Nurses are responsible for patient care. They are the ones at the bedside 24/7. There is no one who spends more time with individual patients. They are the ones most in danger in the coronavirus pandemic.
The news gets grimmer every day about the inevitable surge coming across the country. Forecast of death tolls in the 100,000 to 200,000 range, if not higher, is terrifying. If the death toll is that high, imagine what the hospitals will look like? No matter what, the nurses will be at the bedside, or will they?
Nurses have been given such mixed messages about personal protective equipment, it’s hard to know which end is up. Wear the N95. You don’t need the N95; a simple mask is sufficient. It’s OK to wear the same mask all day while going from patient to patient. Give us your mask at the end of the day, so we can “disinfect” it. If you are exposed to coronavirus patients, it’s OK to work until you develop symptoms.
Sorry, we are running out of masks. There won’t be enough masks. If it comes down to it, wear a bandana across your face. You could try to fashion your own PPE like health care workers in other countries. In other words, good luck with all this, we expect you to keep working. By the way, if you talk about any of this in public, you will be fired. And on and on and on.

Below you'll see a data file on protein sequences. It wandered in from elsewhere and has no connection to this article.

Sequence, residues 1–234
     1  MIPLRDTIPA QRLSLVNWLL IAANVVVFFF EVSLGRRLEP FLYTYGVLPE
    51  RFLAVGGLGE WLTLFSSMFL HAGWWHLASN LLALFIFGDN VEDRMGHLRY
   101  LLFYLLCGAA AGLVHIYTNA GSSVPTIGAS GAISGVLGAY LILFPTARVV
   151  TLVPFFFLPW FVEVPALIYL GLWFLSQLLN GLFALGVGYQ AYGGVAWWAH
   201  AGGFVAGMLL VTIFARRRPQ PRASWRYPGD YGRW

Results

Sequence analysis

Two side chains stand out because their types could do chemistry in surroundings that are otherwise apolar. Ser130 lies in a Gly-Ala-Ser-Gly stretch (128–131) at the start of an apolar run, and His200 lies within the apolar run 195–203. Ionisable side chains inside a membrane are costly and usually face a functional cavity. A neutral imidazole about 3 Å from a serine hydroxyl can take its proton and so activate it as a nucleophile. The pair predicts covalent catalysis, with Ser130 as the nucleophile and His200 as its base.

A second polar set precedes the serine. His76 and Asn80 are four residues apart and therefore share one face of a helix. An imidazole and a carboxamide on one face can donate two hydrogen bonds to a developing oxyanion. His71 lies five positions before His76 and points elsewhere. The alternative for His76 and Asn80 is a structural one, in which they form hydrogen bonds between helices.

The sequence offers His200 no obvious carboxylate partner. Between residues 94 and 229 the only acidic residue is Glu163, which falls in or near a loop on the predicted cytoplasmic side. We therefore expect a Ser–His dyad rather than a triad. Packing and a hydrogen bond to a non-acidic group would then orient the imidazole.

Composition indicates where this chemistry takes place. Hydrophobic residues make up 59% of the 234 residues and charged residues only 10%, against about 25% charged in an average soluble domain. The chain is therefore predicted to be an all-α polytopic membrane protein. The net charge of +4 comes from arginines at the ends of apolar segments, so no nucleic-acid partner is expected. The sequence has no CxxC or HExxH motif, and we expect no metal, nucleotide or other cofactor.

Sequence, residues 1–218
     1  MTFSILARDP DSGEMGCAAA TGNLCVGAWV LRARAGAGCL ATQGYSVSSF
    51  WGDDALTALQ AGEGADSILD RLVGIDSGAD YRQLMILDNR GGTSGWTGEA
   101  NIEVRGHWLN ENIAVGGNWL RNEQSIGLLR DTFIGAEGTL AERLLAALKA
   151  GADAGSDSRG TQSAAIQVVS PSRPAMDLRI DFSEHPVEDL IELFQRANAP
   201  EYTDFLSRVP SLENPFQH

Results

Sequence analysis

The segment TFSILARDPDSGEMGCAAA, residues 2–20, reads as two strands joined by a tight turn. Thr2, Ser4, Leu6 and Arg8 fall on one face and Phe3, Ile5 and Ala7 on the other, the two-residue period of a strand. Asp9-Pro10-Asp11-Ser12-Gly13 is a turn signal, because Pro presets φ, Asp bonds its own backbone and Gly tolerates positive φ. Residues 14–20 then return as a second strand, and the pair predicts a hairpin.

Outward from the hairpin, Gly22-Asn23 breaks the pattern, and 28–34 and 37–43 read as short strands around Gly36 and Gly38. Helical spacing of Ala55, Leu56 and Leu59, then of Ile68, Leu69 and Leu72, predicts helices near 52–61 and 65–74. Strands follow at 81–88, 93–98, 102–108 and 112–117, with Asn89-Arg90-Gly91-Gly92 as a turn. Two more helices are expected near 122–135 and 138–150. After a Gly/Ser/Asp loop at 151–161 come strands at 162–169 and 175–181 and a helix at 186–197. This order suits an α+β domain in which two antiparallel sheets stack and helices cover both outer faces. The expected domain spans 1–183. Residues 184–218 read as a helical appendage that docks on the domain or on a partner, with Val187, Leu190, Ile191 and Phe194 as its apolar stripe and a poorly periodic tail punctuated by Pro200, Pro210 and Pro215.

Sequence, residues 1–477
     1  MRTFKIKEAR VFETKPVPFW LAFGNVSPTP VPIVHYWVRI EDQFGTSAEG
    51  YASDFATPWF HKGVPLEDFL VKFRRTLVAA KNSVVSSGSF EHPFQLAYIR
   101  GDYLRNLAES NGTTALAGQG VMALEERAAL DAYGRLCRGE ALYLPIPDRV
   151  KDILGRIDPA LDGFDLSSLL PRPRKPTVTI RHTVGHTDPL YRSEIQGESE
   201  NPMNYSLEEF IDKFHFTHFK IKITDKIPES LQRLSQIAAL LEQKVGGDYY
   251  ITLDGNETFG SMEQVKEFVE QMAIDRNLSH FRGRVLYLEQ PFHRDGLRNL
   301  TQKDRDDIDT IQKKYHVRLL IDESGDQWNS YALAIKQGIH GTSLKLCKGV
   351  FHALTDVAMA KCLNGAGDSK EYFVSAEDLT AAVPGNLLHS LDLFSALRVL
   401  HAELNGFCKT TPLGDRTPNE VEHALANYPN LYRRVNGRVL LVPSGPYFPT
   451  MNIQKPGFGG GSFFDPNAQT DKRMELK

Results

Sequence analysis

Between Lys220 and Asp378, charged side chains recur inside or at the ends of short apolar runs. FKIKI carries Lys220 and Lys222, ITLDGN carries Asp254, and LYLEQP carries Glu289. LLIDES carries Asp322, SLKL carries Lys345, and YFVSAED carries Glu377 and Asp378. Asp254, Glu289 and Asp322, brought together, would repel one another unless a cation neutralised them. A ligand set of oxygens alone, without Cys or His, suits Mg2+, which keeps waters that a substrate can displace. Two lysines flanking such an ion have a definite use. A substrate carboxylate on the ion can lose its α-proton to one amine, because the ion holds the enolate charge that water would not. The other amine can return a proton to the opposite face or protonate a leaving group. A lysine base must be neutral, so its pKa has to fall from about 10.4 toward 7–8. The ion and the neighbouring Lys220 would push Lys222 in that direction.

I saw a video of a nurse crying today because she had just quit her ICU job. When she came to work in a place with coronavirus ICU patients, no one was wearing masks. She was expected to suck it up and deal with it. She decided no, she wasn’t going to and quit.
Nurses are dying from coronavirus. Doctors, too. In Spain, according to NBC news, 10,000 health care workers have become sick with the virus, 12% of the total positive cases.
Hey, put that all aside, you’re a nurse. You knew what you were getting into, right? Nurses (and other health care workers) are expected to be willing to sacrifice themselves for the cause. It’s what the public expects.
Health care workers in this country are already getting sick, and we are just getting started. A nurse in New York died last week after testing positive. Thousands of nurses will get sick. Some will die. Their loss will put more pressure on the nurses left behind.
There will come a time when nurses will say: enough. I won’t sacrifice myself when I can’t even get a damn mask. Then they will walk away.
Susan Shannon is a retired nurse who blogs at madness: tales of a retired emergency room nurse.
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